Berkeley, Aug. 13

What I write now is very difficult, painful even.

Yesterday, as J and I sat awaiting our train into the city, a man stepped off the opposite platform and was run over by the oncoming train.

There was yelling and the blaring of the train horn, but I knew, just knew, when I saw the yelling man turn his head away with a shake, that it had been too late.

I instinctively rose from my seat and was drawn to the stopped train, trying to find a way to help, to stop what was happening. I was shaking all over as I asked the train’s driver if he was okay. He nodded, resigned, but had his procedures to undergo and I stepped away to leave him to it.

J tried to pull me away, but I wouldn’t have it. In my mind, I hoped I’d been wrong or that maybe it wasn’t a man, but a rat instead that someone saw or, though awful still, perhaps a bird or dog. I was assured by the man who had tried to stop the train that it was certainly the worst.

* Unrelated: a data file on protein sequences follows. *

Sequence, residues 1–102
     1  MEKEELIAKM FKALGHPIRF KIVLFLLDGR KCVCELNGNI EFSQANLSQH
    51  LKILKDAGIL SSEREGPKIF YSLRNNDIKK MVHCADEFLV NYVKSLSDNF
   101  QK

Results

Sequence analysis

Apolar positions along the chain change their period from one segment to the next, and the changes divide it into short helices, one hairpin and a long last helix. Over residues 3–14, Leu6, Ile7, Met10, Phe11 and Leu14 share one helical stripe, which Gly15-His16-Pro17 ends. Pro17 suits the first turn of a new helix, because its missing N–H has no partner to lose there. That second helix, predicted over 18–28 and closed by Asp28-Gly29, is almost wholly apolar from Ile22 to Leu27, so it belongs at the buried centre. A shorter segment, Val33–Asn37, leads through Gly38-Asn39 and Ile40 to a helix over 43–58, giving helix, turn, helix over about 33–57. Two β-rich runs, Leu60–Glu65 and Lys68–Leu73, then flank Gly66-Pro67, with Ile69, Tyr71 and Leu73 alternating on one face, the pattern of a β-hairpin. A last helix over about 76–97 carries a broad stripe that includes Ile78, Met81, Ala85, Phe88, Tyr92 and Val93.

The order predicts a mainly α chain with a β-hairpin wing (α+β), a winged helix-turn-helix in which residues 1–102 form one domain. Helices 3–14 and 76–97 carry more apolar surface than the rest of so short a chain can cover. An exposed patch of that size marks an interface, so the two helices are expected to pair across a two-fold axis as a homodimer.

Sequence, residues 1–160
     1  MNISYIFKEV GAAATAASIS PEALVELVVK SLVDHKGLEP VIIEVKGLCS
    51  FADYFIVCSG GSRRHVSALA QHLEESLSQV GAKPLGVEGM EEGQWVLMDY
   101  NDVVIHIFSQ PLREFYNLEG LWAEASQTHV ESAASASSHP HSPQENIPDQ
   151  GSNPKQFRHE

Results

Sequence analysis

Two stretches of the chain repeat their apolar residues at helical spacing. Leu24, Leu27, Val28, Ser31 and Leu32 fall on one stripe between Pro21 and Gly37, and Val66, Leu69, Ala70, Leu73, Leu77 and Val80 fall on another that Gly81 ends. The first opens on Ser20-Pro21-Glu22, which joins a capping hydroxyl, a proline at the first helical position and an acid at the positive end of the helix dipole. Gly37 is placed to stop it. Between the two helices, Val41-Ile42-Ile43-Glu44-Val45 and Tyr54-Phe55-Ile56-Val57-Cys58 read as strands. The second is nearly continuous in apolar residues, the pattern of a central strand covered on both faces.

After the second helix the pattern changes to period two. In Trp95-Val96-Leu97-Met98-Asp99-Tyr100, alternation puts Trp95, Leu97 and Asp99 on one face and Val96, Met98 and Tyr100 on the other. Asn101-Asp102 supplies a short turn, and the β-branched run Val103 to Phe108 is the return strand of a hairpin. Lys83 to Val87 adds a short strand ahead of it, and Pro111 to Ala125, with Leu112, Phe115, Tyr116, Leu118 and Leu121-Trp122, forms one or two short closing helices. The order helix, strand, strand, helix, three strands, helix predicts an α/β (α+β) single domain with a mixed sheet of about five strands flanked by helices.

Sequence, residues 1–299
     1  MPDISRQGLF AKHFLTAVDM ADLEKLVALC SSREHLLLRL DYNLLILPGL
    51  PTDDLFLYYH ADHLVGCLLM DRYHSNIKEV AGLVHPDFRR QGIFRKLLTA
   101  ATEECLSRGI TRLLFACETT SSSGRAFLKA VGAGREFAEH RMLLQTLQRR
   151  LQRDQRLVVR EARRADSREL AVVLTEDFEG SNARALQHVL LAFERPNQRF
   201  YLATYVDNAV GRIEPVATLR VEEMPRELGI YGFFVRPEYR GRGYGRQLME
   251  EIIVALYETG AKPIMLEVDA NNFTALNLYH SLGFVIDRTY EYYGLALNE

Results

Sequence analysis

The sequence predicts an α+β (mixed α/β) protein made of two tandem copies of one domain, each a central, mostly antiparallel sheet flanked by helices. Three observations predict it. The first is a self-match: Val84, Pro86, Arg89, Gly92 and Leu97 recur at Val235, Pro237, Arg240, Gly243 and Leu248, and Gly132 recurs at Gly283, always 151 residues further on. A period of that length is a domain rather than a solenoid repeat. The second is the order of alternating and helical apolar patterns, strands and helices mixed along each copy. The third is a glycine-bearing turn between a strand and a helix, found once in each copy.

And then our train to the city arrived and we stumbled aboard, stunned and at a loss of what to do otherwise. I leaned into J’s neck and quietly began to sob uncontrollably, uncaring who saw me or found me odd for doing so. It had all happened in a matter of two minutes at most. Just like that.

A strong gin and tonic awaited me once we arrived at the symphony, along with the unexpected news that the suicide attempt had been unsuccessful. There would be relief, but for that long train ride, I felt all too keenly what that man had done. Had tried to do.

He is a 65 year old man who left his cane on the platform, rolled off the side, then lay down in the center of the train tracks, where the train ultimately trapped, but avoided killing him.

I’ve never felt such relief in someone’s hopes being dashed.

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